The Kings needed a new coach after Darryl Sutter had become more irritating to players than inspiring, and John Stevens was familiar but fresh and ready to move up from associate head coach to the top job.
The Kings needed to improve their anemic goal production and invigorate their offense to compete with faster teams, and Stevens got the job in large part because of his plans for the offense to attack with pace and speed down the middle of the ice and get the puck to dangerous scoring areas.
All of which sounds good. But what the Kings need more than new offensive tactics is the return of the old Anze Kopitar, the one who commanded both ends of the ice and led them in scoring for nine straight seasons. Without the return of his old playmaking ability and his willingness to unleash his fine wrist shot more often they’ll have a difficult time transforming their new ideas into wins and a playoff spot.
Worn down by playing Olympic qualifying games for his native Slovenia and World Cup duty for Team Europe before the NHL season, he labored and produced only 12 goals and 52 points. That was his lowest total in a non-lockout season and placed him second to Jeff Carter (66 points) in team scoring. “Honestly I don’t know how to really explain it. It just wasn’t my year really. Nothing literally went my way,” Kopitar said Wednesday after the Kings’ first on-ice session of training camp.
“Playing I think it was 20 games and a lot of traveling before that took a toll on me for sure, but I didn’t want to use that as an excuse because I hold myself to higher standards and higher expectations and I’m confident that I’m going to have a better year this year.”
Kopitar, who turned 30 in August, said he had “some sprains and wears and tears” at about the midway point of last season but acknowledged that other World Cup participants had similar woes. And it wasn’t lost on hockey observers — or on him — that his worst season coincided with his first as the Kings’ captain and his first under an eight-year, $80-million contract.
“It definitely didn’t look great. I get that. And nobody was stressed out about it more than I was,” he said. “It’s not like I didn’t care and went about my business like usual. Obviously I care. I care about the team, I care about my teammates, and I want to win. I don’t just want to be here and kind of put in my time. I want to win here and that’s the bottom line.”
Right wing Dustin Brown, who had the captain’s “C” yanked away from him in the summer of 2016 but was gracious in supporting Kopitar as his successor, saw his friend and frequent linemate’s frustration grow throughout the season. “We talked a lot, just about the responsibilities of everything and trying to handle the pressure and just try to help him through it,” Brown said. “Sometimes it’s not the easiest. You can get into a spot where it’s not fun to play hockey, in a way.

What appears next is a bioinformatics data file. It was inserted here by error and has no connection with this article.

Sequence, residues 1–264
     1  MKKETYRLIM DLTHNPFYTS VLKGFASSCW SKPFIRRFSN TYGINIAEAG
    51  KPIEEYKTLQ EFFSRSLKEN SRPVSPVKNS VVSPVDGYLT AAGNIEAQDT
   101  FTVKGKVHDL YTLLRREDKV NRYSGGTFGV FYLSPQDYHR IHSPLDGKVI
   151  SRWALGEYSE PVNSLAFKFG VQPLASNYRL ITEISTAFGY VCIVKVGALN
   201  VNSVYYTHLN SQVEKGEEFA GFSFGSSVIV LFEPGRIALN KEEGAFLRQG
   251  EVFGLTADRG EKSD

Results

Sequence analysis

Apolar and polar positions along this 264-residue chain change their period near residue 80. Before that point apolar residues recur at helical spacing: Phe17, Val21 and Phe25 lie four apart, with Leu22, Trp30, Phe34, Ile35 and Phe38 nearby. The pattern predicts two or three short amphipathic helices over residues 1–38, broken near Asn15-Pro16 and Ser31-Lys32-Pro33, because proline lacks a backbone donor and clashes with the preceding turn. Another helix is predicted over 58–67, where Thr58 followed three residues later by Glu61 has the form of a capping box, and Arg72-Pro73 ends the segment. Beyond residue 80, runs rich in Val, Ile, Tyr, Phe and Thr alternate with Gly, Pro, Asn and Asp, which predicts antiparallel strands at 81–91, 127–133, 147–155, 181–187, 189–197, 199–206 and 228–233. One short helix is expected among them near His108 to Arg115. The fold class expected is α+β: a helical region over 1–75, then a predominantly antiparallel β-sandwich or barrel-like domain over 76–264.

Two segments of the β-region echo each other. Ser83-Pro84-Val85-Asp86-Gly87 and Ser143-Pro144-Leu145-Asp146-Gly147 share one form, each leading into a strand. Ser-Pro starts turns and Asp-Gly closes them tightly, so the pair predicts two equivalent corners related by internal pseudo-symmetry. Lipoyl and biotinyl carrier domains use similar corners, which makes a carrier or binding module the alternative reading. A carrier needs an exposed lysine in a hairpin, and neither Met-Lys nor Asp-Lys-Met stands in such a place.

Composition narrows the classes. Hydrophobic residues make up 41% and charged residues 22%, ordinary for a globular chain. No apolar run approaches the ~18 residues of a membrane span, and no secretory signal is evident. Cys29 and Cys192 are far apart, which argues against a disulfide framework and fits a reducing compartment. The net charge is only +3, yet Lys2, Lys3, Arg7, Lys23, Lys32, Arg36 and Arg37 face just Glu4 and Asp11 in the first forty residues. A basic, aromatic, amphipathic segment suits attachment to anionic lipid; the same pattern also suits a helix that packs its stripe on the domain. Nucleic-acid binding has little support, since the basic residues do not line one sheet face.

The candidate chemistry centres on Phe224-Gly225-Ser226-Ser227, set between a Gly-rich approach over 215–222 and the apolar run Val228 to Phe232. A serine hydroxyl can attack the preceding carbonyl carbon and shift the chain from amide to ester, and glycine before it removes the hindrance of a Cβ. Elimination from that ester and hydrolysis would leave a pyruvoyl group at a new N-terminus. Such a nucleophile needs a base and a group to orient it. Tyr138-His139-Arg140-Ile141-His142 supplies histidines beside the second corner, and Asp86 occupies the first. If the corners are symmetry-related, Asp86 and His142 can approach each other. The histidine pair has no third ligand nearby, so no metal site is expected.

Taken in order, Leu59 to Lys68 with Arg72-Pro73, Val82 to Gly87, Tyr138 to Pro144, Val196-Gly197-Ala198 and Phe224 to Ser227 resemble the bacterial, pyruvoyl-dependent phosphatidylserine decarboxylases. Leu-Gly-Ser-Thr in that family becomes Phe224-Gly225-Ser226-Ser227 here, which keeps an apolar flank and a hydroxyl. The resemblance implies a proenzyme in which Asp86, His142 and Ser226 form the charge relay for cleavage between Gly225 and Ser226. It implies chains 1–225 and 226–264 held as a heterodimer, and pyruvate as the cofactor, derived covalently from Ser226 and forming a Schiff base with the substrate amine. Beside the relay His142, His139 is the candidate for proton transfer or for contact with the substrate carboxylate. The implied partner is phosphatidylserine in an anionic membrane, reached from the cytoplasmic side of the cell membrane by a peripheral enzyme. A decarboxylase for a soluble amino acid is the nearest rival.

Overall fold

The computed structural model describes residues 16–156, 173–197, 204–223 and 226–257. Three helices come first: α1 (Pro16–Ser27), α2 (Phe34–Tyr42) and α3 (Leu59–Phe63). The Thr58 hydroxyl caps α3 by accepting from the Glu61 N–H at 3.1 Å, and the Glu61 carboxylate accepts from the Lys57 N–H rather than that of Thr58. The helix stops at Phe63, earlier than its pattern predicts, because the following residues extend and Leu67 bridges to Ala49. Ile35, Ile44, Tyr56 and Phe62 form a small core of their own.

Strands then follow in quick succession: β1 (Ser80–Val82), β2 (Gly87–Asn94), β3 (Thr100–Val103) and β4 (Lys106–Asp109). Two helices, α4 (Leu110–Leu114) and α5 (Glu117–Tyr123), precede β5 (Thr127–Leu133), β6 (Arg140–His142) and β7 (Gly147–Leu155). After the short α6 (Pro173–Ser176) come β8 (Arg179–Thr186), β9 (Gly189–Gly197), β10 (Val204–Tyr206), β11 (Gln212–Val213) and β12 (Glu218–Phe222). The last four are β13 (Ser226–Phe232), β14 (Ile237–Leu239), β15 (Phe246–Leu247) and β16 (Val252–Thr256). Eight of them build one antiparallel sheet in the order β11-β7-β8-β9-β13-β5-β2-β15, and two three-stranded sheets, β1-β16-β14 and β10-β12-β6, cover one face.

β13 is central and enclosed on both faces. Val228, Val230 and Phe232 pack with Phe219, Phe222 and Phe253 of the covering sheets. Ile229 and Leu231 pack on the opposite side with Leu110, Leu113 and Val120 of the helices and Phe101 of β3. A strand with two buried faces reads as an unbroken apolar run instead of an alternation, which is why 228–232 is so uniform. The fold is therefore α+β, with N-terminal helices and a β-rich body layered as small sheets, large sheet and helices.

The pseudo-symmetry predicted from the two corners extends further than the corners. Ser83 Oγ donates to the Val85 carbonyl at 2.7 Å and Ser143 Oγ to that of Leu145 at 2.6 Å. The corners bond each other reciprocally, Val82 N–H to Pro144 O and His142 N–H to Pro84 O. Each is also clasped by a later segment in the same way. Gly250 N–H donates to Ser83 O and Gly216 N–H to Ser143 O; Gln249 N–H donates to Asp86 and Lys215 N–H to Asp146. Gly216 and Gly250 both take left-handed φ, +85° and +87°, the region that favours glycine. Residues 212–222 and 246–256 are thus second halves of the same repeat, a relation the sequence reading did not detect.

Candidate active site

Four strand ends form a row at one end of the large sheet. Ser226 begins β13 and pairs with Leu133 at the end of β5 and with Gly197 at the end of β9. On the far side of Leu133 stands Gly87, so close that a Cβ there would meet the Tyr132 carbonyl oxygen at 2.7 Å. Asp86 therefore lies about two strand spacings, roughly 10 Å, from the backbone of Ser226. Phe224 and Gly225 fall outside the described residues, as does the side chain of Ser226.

“People will probably look at that comment and say, ‘Well, you get to play hockey for a living.’ We understand that. But it’s a different thing when things aren’t going well to pull yourself out. Last year was a tough year for him.”
Soon after Stevens took over as coach, he called Kopitar and they met for coffee. They talked about last season but also looked ahead to what both expect will be better times. “He felt like he had the weight of the world on his shoulders last year with everything and I think that anxiety with all the things he was dealing with probably took a lot of energy out of his game as well,” Stevens said.
Stevens also wanted Kopitar to become more fit. Kopitar averaged 50.4 seconds per shift last season but Stevens wants to cut that to the mid-40s, with the aim of producing shorter but more explosively quick shifts. “We’re counting on him to be the 200-foot player he always is,” Stevens said, “but obviously we’re going to count on him for some offensive production. I think the whole fitness part of it was huge and I think dealing with everything last year, I’m hoping it makes him stronger this year because I think he’s in a better place emotionally.”
Brown also expects Kopitar to leave last season’s struggles behind. “If you have a year like that, quite honestly, you learn more than you do from a year when you score 75 [points] and things are going perfect,” Brown said. “You don’t learn very much when you’re successful, unfortunately.”
In missing the playoffs for the second time in three seasons, the Kings learned that they needed a new coach and a new system — and the reappearance of the old, dominant Kopitar.